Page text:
Low Sizergh Barn, Sizergh, Kendal, LA8 8AE
Cumbria is home to some of Britain’s oldest farms and agricultural traditions and records show that there has been a farm on the Low Sizergh site since the 13th century. Once the home farm of Sizergh Castle, providing food for the Strickland family estate, we now send many thousands of litres of milk to Kendal to be made into desserts and yogurt, some to a local ice cream maker and to a Lancashire cheesemaker to be made into our own Kendal Creamy cheese.
341 acres in total, Low Sizergh Farm is home to 150 red, brown, black and white cows (it’s a cross bred herd of Holsteins, Swedish Red and Montbeliards), 700 hens, and a flock of 200 Swaledale and Mule sheep. Run by Richard and Judith Park, the farm has always been working proof that good practice can lead to excellent productivity and enhanced animal welfare.
Our theory remains simple: happy animals create a healthy yield. Almost all the cows have been bred and reared by us. They graze the fields in the summer but live undercover between November and March, eating silage made from grass and other crops grown on the farm. With rubber-floored cubicles to sleep in, plenty of water to drink and scratching posts for comfort, they winter in the cow building until the weather picks up.
Our laying hens live in cabins in the fields near the farm and can often be found pecking for worms on the lane and in the car park.
We hope to inform visitors about the wonderful food that comes from this and other British farms. Throughout the year you will find dishes on the menu that are made with our cheeses, ice cream made from our milk, vegetables that are wheeled in from the fields, and traditional fruits picked from the orchard. Many of the hundreds of eggs laid on a daily basis (at least in the lighter months of the year) are used in our kitchens.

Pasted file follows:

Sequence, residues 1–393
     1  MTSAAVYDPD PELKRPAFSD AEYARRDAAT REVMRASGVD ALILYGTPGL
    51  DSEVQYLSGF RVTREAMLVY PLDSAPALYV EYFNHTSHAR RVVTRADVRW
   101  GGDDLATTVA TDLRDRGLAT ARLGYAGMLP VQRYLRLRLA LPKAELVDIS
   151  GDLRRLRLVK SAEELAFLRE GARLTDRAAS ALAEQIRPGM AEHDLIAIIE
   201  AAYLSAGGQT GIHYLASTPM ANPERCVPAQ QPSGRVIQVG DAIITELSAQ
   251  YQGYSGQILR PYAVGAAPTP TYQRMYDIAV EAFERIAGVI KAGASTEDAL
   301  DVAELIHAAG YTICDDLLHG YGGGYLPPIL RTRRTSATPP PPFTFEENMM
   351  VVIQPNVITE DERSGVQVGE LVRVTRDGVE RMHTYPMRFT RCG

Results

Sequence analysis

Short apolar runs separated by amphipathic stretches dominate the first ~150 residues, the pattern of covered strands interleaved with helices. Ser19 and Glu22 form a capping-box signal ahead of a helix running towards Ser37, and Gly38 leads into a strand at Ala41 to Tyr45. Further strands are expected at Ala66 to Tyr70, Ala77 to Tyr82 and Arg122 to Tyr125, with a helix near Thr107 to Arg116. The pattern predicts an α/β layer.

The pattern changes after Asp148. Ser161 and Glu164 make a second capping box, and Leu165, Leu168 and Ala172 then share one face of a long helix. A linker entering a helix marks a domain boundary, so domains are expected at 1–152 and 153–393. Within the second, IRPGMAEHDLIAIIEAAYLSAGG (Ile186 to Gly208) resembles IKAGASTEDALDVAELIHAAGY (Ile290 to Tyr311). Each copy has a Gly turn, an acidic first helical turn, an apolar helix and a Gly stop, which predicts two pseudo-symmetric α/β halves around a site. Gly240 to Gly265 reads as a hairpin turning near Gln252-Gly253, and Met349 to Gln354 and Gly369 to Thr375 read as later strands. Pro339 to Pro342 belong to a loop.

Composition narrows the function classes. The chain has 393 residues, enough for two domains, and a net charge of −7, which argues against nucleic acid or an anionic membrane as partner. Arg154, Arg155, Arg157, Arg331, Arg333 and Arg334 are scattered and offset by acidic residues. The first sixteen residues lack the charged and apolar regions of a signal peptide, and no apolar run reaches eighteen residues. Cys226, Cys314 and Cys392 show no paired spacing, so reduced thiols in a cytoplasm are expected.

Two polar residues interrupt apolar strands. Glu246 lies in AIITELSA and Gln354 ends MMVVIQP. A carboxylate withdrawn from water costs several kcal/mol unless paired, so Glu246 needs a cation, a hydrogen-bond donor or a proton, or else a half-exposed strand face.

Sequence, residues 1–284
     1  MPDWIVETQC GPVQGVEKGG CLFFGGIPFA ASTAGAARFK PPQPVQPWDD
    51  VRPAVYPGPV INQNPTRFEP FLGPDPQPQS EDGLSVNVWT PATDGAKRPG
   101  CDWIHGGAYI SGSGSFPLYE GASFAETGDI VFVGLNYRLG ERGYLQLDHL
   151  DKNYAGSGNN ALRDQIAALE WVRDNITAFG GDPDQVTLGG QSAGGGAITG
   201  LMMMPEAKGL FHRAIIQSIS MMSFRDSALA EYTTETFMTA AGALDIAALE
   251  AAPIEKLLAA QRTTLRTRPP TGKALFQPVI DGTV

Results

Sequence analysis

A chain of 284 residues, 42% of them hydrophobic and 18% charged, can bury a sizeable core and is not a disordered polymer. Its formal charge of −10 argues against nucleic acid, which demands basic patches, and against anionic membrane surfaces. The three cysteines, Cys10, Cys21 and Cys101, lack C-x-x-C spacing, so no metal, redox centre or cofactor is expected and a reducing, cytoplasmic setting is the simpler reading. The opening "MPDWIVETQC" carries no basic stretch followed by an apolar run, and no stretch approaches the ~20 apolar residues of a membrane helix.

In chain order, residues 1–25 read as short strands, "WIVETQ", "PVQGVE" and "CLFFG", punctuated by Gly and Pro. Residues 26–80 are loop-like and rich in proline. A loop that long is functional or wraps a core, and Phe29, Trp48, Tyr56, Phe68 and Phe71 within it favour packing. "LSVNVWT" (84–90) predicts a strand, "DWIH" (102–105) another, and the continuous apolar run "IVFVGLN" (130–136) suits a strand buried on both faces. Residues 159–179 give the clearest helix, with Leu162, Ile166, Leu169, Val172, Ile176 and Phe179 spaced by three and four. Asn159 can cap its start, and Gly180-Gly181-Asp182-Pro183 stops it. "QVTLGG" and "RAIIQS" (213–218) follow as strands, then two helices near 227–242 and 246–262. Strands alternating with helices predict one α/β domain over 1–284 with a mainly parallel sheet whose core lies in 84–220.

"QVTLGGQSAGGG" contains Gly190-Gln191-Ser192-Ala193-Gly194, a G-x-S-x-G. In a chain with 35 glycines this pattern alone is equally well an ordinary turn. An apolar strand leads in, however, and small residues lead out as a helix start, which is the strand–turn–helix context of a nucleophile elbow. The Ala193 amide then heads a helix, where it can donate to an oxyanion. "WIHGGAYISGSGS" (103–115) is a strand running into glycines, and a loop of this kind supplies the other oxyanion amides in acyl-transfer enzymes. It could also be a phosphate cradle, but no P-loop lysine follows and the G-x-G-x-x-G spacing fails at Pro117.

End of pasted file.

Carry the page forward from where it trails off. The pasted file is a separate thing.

We work to create wildlife habitats to benefit both the surrounding environment and our produce and crops. Many miles of hedgerow, for example, are managed to keep the cows and sheep in the fields, but also to provide homes for birds, bats and beetles that thank us for our hospitality by feeding on the pests that damage our crops.
We use clover leys to provide nitrogen for grass growth and employ methods such as crop rotation to help with weed control and build soil fertility. Recycled wastes like compost and farmyard manures also enrich the soil and encourage growth.
We have a Countryside Stewardship Agreement with Natural England that helps us to enhance and conserve the landscape, its wildlife and history, and to help people to enjoy them.
All the sheep are under cover now lambing is only 4 weeks away. Feed troughs were made from materials lying around the farm, kept because they fell under the category heading 'will come in handy one day': pallets, railway sleepers, random shelf brackets and bits of scaffolding pipe. The troughs are lined with old kitchen lino so the sheep have a nice smooth surface to lick.